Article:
In this biographical fantasy by acclaimed director Raúl Ruiz, Klimt (John Malkovich) recalls the decadence of his past in feverish visions from his deathbed. Reflecting on his many torrid affairs and his struggles for artistic freedom, he travels back to the 1900 World Exhibition in Paris. There, Klimt is introduced to a mysterious dancer, Lea de Castro, who emerges as his muse and the personification of his own erotic ideals and carnal desires.
Gustav Klimt: Art Nouveau Visionary - This lushly illustrated volume explores his fascinating artistic career, covering Vienna at the time of Klimt's creative peak. With more than 300 beautifully reproduced pictures, paintings, and photographs
Gustav Klimt: Landscapes - Accompanied by scholarly essays, the images reproduced in this book comprise all extant landscapes from this brilliant artist, proving that his mastery extends beyond portraiture and revealing themes that appeared throughout his life's work.
This is one of Kris's favorite middle school lessons that involves lines, textures, gold scratchboard and the Austrian artist, Gustav Klimt. I titled my workshop, Elegant Art Nouveau.
Students create an elegant drawing in the ornamental, decorative and luxurious style of Klimt. In preparation for
this lesson, Kris created handouts to be given to each student/table. One handout dealt with the art history, both of Klimt and Art Nouveau. This information was readily available on the Internet. Another excellent source was Helen Hume's book,
Art History and Appreciation Activities Kit. She included a student worksheet on Descriptive Line, that gave examples of different types of line, such as, diagonal, horizontal, vertical and zigzag.
Present PowerPoint of work by Gustav Klimt. Provide handout of biography and short notes on Art Nouveau. Present a few other examples of Art Nouveau art. Show example of Art Nouveau patterns and motifs.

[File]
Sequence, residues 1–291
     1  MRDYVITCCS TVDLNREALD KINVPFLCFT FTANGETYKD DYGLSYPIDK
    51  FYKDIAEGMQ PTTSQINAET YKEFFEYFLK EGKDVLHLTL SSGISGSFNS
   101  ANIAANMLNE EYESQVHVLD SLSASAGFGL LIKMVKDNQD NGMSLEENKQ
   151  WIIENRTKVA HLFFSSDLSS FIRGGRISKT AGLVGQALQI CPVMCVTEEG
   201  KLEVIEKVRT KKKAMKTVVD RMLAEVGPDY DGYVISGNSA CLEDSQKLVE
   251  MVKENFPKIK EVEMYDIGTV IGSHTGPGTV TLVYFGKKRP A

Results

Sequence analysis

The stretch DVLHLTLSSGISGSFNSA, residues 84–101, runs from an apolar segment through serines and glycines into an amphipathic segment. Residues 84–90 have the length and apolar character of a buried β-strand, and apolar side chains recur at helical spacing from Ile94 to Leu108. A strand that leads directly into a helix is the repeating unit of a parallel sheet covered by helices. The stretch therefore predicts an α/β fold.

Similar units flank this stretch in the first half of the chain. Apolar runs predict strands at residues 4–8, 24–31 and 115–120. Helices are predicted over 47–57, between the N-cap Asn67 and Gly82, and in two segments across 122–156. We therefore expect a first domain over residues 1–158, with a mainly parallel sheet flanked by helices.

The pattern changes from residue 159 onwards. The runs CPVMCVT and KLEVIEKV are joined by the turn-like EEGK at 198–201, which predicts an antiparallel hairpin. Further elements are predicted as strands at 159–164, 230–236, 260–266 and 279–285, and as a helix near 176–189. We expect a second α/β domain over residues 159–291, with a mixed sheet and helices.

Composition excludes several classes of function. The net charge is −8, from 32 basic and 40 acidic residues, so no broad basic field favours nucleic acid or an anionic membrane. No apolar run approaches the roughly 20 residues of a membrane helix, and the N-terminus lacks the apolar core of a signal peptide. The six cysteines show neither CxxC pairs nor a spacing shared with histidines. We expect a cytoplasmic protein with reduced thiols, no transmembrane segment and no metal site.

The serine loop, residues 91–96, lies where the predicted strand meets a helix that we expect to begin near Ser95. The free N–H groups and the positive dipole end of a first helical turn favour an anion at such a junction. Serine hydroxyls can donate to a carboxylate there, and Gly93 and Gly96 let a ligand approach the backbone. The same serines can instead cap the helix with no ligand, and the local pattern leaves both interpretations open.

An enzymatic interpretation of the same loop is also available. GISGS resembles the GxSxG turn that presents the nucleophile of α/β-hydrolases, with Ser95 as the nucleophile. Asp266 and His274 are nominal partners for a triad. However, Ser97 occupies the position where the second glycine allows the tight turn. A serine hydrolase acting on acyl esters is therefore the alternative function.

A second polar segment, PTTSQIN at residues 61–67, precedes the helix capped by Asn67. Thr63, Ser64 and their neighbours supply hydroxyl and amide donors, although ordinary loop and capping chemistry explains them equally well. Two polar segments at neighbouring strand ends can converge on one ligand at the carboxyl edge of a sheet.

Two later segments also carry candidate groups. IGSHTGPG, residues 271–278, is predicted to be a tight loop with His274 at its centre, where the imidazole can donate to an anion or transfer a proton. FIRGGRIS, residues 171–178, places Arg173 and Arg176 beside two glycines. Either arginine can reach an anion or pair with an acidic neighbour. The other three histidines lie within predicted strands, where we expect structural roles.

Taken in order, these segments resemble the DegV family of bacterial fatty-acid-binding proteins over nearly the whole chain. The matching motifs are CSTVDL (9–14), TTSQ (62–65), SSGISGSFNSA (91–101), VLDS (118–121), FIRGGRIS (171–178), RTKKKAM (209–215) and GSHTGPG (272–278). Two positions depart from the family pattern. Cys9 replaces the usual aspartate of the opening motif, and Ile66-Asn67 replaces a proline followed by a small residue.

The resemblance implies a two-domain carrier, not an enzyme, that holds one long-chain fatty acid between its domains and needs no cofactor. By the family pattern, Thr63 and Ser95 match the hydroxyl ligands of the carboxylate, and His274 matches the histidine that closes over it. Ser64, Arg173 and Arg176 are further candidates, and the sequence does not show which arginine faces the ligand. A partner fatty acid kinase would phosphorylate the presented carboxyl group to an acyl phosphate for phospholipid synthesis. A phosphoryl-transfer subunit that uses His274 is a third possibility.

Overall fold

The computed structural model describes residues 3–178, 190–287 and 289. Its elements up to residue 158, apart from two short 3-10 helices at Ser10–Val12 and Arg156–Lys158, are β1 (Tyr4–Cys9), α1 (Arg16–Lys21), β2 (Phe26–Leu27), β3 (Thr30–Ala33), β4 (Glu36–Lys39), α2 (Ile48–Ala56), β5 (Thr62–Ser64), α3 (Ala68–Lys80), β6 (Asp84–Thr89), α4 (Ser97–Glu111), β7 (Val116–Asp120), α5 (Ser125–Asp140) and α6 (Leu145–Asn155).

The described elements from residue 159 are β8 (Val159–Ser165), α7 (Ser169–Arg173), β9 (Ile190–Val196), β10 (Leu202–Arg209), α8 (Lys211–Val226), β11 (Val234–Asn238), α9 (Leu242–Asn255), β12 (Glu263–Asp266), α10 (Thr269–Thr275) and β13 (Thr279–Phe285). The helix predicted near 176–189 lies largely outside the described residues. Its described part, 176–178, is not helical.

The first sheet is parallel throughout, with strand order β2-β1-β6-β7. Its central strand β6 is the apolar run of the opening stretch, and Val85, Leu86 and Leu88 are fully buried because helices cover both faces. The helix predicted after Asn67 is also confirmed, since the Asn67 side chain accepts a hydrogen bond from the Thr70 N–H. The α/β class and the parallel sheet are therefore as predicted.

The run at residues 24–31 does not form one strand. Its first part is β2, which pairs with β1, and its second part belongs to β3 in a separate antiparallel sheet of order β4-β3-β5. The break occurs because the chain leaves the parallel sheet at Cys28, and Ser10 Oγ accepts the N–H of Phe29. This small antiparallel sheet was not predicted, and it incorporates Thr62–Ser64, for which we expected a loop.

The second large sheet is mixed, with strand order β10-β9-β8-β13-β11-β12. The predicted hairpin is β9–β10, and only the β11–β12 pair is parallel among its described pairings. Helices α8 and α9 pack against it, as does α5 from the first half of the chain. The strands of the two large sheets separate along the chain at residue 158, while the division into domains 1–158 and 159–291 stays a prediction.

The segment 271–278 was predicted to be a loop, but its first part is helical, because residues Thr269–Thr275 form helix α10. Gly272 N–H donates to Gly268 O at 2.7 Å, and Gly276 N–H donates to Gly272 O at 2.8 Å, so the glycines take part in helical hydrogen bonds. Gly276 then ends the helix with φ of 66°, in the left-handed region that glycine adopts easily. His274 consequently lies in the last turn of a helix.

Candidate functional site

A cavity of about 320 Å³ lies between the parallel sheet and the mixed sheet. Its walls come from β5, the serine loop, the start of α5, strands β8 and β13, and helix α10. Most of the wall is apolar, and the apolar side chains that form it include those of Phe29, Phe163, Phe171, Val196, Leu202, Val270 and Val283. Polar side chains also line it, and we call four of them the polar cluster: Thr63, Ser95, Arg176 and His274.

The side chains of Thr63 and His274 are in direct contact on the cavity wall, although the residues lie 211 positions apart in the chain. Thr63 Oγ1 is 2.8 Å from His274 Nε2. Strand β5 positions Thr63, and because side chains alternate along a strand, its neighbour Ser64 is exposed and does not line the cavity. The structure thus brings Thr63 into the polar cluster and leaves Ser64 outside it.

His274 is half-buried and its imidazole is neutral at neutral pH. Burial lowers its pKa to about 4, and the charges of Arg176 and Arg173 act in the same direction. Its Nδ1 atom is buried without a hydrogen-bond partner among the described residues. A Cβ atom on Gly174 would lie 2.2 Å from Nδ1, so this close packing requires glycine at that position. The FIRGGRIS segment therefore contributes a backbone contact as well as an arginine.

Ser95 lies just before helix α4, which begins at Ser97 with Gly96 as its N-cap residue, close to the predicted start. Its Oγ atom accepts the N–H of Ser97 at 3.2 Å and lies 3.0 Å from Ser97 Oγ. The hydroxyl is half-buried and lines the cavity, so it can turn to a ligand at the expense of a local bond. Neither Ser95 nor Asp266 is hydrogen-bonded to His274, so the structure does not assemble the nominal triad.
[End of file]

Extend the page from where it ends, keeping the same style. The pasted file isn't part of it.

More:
Instruct student to create several patterns and experiment with patterns on scrap scratchboards.
Demonstrate proper use of scratch tools.
From a magazine cut out the head and hands of a human figure, this can be a man, woman or child. Glue these pieces to the gold scratchboard (Note: Self portrait digital images could be used.) Boys may be motivated to select sports heroes or rock stars.
Begin by scratching out an organic shape that suggests a garment. This garment dos not need to be realistic...
After you draw the garment you will have two areas to fill... the garment and the background around the garment. See Detail
One of these areas must be densely and richly patterned using lines and textures. The other area will be covered less densely. This will emphasize one area more than the other.
Keep the unscratched area of the scratchboard covered with a clean sheet of paper to prevent oils from your fingers transferring to the surface of the board.
Begin to fill one of the two areas with patterns, lines, textures and shapes. Refer to the Descriptive Line worksheet for ideas and also the book, The Grammar of Ornament, for inspiration.
Fill the other area.
Check to see if the two areas are distinctly different. Does one stand out more than another? If they are too similar, go back and add more details to the dense shape.
NOTE: Jeannie Sandoval's students created some stunning self portraits using this lesson. They began with digital images of themselves.
Submitted by: Mike Sacco, Paul J. Gelinas Junior High
Mr. Sacco's 8th grade class looked to Austrian Art Nouveau painter Gustave Klimt for inspiration in creating these scratchboard and collage portraits. Line, shape, pattern, and the design principle known as Emphasis were the focus of this lesson.
Utilizing Klimt's trademark gold color and intricate pattern work, students had to create designs where their figure was the focal point in their design. This was accomplished by establishing contrast between the pattern work in the figure and in the background. Students used scratch knives to carefully scratch away the black ink that is applied to the gold board.
Gustav Klimt Internet Resources: (preview site first if using with students)